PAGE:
Pro-animal Republicans Vern Buchanan (R-FL-16) and Brian Fitzpatrick (R-1-PA) prevailed in tight races. Each of them has carried far-reaching and critical animal protection legislation, and their active work on our issues is crucial to our future success. They deserved re-election, and we are delighted that they’ve prevailed in close races in a tough political environment for Republicans.

U.S. Senate.
Perhaps the biggest disappointment of the night for Animal Wellness Action was Congresswoman Marsha Blackburn’s Senate victory in Tennessee. Blackburn has been a staunch foe of animal protection, but her challenger was not able to overcome the political advantages she leveraged in the Volunteer State. We are also worried about Missouri’s Attorney General Josh Hawley’s defeat of Claire McCaskill, a two-term Senator who had a strong record on animal issues. Hawley has not demonstrated a sensitivity to animal issues in his prior public service, and we hope as he comes to the send he will gain an understanding that there’s never a defense of cruel or any other forms of harsh exploitation of animals.

Nevada Senator-elect Jackie Rosen had a perfect record on the Congressional Accountability Tool and we know she’ll be a big ally in the Senate. We look forward to working with Florida Governor and now Senator-elect Rick Scott, who has always demonstrated an open mind on animal issues. In fact, he publicly endorsed the greyhound racing ban during this election cycle, and his support, along with outgoing Attorney General Pam Bondi and Lara Trump proved important in shoring up conservative support for the ballot measure. In Arizona, Congresswoman Martha McSally is ahead in the race for Senator Jeff Flake’s seat. McSally, a vegan, is the author of the Humane Cosmetics Act, and is an ardent animal protection advocate. She’ll be a crucial ally to animal protection in that chamber if she prevails.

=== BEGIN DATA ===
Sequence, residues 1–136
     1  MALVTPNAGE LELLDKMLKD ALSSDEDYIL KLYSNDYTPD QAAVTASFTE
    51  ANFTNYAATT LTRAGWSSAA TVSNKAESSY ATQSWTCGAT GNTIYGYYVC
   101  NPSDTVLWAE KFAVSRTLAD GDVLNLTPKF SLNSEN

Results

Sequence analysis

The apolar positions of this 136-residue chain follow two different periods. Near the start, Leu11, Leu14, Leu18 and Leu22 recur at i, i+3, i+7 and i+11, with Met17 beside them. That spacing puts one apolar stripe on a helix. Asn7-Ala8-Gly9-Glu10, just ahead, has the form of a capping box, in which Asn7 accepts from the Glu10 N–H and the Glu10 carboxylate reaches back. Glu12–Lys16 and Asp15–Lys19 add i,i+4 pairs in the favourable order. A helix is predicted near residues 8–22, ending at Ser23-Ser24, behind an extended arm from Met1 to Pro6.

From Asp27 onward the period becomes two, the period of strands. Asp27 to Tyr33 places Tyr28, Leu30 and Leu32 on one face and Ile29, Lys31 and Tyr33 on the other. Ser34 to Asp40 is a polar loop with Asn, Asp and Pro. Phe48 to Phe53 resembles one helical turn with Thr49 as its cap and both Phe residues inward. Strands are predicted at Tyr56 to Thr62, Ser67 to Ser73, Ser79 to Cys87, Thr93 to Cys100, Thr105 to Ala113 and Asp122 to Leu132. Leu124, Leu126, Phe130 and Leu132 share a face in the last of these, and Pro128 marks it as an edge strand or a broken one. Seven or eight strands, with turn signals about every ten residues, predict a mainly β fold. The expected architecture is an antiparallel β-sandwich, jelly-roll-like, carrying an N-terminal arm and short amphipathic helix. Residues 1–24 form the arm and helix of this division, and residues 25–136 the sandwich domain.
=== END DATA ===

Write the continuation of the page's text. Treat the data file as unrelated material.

Animal protection made some of its biggest gains in governor’s races, with pro-animal leaders Jared Polis of Colorado, Michele Lujan Grisham of New Mexico, and Gretchen Whitmer of Michigan prevailing in key battles in crucial states for us. We expect Gavin Newsom in California and J.B. Pritzker of Illinois to bring strong leadership on animal issues, too. Pro-animal incumbent Republican governors Larry Hogan of Maryland, Henry McMaster of South Carolina, and Chris Sununu of New Hampshire won their re-election campaigns, and we are delighted to have the opportunity to continue to work with them to make their states even safer for animals.

Taking a broad lens to the national elections, animal protection advocates made enormous gains, setting our cause up for even more progress in Congress and the states, driving home the message that disregarding animal issues are a political hazard to entrenched lawmakers, and in ballot measure campaigns yet again demonstrating that mainstream Americans favor animal protection by lopsided margins and want reform.

In our first six months of operation, Animal Wellness Action has proven we can – and will – make a difference for all animals. We are a powerful new force to be reckoned with in the realm of politics and policy-making.

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Originally published on Animal Wellness Action